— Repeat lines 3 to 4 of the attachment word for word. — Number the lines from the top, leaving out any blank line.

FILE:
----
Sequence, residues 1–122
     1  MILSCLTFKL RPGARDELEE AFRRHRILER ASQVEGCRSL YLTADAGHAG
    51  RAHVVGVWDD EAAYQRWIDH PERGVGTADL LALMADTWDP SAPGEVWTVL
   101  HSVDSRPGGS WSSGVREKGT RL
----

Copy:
    51  RAHVVGVWDD EAAYQRWIDH PERGVGTADL LALMADTWDP SAPGEVWTVL
   101  HSVDSRPGGS WSSGVREKGT RL